2. Respond to the Requester. Custodians must acknowledge requests for records within 10 days (excluding weekends and federal holidays) of receipt. Custodians should date stamp the request upon receipt. If requested records are not immediately available, the custodian must give the requester a date of availability. If records cannot be found or have been destroyed, the custodian must inform the requester.
    3. Provide Records. Once records are located, provide them to the requester as soon as practical, unless they should be withheld under section 3-4.1b(6). The custodian must provide releasable records to the requester in writing or in person as follows:
      1. In writing: Send the requested information or copies of records to the requester via Certified Mail™, return receipt service requested, as soon as any required fees or statement of release are received.
      2. In person: Notify the requester when and where records will be available for inspection or copying, and comply with the requester’s instructions if feasible. When a requester reviews records in person, the custodian or designee must be present and observe the requester’s handling of the records. The custodian or designee must do the following:
    4. Additional instructions for response to employee requests. Records are usually available for inspection and copying during regular business hours at the installation where the records are kept. The custodian may, however, designate other reasonable locations and times for inspection and copying of some or all of the records. Employees who want to review or copy their own records must do so on their own time, except as provided for under collective bargaining agreements.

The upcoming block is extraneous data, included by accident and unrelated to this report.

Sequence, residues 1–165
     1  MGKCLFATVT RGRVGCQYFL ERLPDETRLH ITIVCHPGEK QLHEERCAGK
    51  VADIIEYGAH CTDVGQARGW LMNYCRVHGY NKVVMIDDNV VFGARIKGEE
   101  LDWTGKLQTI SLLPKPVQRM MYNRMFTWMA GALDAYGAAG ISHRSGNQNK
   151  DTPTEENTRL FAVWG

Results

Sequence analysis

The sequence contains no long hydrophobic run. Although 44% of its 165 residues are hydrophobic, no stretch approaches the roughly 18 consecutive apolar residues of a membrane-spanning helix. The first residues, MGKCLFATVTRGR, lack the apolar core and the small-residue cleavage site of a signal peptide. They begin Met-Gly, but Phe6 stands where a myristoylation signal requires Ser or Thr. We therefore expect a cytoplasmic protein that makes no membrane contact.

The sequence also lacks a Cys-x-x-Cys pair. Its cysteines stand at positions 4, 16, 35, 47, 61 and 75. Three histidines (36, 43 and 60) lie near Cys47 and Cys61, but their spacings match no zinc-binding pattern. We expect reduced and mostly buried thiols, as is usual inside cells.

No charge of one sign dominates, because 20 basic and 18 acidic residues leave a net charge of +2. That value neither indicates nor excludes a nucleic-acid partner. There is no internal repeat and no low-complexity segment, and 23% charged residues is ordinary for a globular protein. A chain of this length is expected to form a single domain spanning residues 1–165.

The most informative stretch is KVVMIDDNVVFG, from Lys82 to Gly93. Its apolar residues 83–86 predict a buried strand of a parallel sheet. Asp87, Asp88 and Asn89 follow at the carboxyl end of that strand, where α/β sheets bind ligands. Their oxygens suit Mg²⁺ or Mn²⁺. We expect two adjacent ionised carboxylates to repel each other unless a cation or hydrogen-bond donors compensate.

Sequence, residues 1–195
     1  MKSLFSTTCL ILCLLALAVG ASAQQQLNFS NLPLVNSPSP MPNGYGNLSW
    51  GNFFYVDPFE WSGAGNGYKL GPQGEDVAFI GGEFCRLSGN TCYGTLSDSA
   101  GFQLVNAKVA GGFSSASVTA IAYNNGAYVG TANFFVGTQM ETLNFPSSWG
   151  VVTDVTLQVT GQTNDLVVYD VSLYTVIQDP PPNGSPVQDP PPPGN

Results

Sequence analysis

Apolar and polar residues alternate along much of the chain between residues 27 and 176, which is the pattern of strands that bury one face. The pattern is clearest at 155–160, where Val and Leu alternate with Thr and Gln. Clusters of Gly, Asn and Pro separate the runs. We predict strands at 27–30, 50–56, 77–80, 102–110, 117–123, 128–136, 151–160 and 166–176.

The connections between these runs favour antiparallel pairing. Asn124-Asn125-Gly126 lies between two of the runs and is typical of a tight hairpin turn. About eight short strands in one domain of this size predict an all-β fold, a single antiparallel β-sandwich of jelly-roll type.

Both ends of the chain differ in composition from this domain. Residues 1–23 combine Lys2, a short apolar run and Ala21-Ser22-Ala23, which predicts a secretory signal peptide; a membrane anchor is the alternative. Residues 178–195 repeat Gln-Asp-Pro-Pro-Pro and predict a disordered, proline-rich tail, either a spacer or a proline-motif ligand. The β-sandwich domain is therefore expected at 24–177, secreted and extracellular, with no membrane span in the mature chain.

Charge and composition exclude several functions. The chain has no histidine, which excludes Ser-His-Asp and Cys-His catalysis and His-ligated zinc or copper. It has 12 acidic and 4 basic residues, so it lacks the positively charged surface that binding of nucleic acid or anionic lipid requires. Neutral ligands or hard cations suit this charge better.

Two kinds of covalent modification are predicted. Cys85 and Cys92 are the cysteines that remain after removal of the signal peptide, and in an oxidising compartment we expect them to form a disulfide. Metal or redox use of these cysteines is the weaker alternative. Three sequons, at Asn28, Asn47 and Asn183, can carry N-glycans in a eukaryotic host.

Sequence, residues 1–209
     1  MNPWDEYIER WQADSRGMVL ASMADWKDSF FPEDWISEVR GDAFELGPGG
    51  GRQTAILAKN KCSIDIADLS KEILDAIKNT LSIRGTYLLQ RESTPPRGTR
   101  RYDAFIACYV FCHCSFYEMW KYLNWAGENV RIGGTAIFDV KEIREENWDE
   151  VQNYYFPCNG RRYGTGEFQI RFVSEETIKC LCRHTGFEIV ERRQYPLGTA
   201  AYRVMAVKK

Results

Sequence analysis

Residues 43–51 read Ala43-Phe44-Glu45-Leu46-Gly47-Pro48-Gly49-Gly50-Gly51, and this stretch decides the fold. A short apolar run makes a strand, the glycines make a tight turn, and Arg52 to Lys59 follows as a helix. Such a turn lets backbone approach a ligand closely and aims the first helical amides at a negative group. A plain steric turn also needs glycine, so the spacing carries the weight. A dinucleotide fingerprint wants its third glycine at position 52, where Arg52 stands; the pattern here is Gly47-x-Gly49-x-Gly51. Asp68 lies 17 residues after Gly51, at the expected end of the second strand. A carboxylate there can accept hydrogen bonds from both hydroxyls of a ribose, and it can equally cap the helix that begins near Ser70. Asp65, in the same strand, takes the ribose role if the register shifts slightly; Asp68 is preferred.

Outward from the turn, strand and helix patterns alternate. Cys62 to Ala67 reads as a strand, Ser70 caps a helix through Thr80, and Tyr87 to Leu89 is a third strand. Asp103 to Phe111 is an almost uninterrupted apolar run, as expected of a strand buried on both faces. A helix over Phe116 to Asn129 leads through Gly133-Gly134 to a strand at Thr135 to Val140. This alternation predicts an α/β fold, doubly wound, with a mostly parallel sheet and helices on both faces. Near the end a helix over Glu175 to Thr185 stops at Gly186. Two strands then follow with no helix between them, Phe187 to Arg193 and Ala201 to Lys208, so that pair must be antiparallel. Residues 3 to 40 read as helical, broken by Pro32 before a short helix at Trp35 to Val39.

5. Forward requests for a retired OPF to the installation indicated by the requester, or as determined by the custodian to the nearest postal facility. The custodian at the installation where the review is to take place must determine if the information is releasable under section 3-4.1b(6). If releasable, the custodian can obtain the OPF by sending an SF 127, Request for Official Personnel Folder, to:

      ST. LOUIS, MO 63118

      When the custodian receives the OPF, the custodian must notify the requester that the information is available for review. After the requester reviews the OPF and there is a need for further review, the custodian may keep the files at the designated facility for a maximum of 30 days. If there is no further need to retain the files, the custodian must return the OPF by Registered Mail™ to the National Personnel Records Center.

    6. Additional Instructions for response to customer requests. Customers must be given access to their information maintained by the Postal Service, except for confidential business data created by the Postal Service or derived from third parties, or if exempt under section 3-4.1b(6).
    7. Denying Requests. The Postal Service may only deny customer, employee, or individual requests to know whether the Postal Service maintains records about them, and⁄or to obtain access to those records, if the requester does not follow procedures in section 3-4.1, or if the information is exempt under section